Turkey 11 11 11 11 12 9
United Kingdom 745 828 948 1,300 1,490 1,700
Total EU 28 3,468 3,742 4,384 5,060 5,600 6,522
Total All 3,781 4,111 4,788 5,486 6,075 7,091
The Brewers of Europe Beer Statistics 2015 edition, page 21.

Very exciting times. I wonder what the future will hold? Obviously, there's a limit somewhere to the number of breweries that can operate. But I suspect we're still a long way shy of that.


Magnus Bark said...

The 200th Swedish brewery just opened...

StuartP said...

What does the future hold...?

The Beer Nut said...

I need to put a statistical summary on my list of Irish beer and cider companies. Nobody ever gets the numbers right.

BryanB said...

I'm a bit surprised by the German numbers too, but then it occurred to me that a lot of the recent additions there don't have their own brewing kit. They are either cuckoo brewers who contract the wet work to an existing brewery, or in some cases they are not even brewers - they have a brand/recipe/idea and hire a brewmaster and brewery to help develop it. Presumably neither would be included here, though as more and more cuckoos acquire brewkit that will change.

Elektrolurch said...

Honestly, I think the figures don't reflect the changes in the german beer scene the past few years.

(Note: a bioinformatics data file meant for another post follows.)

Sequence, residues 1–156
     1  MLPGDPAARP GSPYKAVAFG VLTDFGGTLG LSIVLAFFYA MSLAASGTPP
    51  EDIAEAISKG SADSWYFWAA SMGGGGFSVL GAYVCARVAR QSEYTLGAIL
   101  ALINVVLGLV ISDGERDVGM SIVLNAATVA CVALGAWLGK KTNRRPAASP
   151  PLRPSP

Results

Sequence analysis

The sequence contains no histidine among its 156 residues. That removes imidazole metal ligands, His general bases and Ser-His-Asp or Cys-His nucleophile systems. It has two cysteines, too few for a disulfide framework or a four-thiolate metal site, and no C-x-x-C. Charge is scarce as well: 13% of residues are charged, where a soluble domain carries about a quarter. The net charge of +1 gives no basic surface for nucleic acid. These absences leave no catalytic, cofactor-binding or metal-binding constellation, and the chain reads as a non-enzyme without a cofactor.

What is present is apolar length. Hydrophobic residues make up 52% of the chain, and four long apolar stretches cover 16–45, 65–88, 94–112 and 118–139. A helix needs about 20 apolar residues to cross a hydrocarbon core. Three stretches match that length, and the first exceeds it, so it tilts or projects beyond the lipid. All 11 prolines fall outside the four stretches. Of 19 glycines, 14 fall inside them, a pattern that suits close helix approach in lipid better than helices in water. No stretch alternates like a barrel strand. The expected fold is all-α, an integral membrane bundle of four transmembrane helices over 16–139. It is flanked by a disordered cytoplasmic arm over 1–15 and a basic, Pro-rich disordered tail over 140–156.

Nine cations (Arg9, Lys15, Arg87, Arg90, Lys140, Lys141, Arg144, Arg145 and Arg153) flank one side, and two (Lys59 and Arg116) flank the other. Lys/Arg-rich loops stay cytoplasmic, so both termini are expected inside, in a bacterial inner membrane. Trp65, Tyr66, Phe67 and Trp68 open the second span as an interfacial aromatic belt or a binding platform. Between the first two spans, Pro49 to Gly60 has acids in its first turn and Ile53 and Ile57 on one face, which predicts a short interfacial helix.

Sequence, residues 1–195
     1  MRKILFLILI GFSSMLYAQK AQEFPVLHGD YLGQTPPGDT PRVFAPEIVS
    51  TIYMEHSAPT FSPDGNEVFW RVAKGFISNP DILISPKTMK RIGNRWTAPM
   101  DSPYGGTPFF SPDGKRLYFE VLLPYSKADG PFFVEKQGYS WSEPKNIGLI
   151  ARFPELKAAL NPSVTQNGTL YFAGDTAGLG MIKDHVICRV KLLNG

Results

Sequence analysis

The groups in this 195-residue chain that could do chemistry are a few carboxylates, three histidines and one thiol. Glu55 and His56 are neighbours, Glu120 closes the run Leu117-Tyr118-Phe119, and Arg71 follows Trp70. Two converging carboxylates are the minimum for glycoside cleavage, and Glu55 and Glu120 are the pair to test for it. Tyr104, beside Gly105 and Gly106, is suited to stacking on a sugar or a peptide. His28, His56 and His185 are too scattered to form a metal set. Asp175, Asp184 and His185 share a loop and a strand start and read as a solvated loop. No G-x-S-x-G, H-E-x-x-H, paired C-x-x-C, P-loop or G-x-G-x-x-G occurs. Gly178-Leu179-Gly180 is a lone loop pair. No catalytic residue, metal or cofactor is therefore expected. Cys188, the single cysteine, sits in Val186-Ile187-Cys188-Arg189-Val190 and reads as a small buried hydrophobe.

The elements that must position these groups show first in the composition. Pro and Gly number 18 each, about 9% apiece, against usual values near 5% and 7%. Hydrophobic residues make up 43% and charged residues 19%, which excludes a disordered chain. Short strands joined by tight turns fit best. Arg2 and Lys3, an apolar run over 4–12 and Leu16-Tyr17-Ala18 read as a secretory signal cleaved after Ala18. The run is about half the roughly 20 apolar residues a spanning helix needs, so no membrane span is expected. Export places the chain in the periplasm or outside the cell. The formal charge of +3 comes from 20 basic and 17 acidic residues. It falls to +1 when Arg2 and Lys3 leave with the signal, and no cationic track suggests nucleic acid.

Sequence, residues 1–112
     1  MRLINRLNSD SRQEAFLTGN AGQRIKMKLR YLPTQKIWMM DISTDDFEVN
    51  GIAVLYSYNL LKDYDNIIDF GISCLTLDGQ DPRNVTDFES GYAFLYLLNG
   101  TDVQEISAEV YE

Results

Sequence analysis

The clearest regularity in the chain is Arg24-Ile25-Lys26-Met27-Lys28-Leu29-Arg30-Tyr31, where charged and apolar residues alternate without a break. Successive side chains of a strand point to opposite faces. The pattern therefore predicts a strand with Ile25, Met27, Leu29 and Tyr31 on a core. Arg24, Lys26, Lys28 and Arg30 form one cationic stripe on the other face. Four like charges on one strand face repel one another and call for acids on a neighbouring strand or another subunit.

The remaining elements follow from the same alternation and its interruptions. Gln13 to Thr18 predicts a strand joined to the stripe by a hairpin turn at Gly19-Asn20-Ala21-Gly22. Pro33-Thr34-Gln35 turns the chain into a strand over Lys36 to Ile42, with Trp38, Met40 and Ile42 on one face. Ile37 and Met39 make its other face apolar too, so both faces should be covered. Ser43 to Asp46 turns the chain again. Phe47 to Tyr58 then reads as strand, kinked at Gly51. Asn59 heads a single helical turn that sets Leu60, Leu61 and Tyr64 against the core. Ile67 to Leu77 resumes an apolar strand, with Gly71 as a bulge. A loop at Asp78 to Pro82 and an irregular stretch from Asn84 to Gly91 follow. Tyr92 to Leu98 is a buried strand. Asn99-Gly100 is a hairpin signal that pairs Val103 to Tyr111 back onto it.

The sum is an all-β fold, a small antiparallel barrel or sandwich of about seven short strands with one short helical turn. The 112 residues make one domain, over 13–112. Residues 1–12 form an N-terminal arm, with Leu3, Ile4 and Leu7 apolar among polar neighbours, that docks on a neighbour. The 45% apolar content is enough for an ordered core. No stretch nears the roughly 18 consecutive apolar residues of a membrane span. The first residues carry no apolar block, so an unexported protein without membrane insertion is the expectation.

So maybe the numbers of breweries has not changed here, but the beers they brew have changed a lot since 2009...

Lars Marius Garshol said...

Very interesting, and really just cries out for a diagram.

What's even more interesting is that these numbers are lower than the real figures, because at the end of 2014 Norway had at least 121 breweries, not just 77. I suspect 77 is the number of members of the Norwegian Brewers Association, which is significantly lower than the real figure. I assume the same applies to the other countries.

Ron Pattinson said...

BryanB & Elektrolurch,

if you take a longer timescale, the figures for Germany look even worse: flat for the last 20 years. On current trends, France, Italt and Spain could soon have mre breweries than Germany.

I admit that pure brewery numbers don't tell the whole story. But it's clear that Germany is lagging behind most of Europe in brewery startups.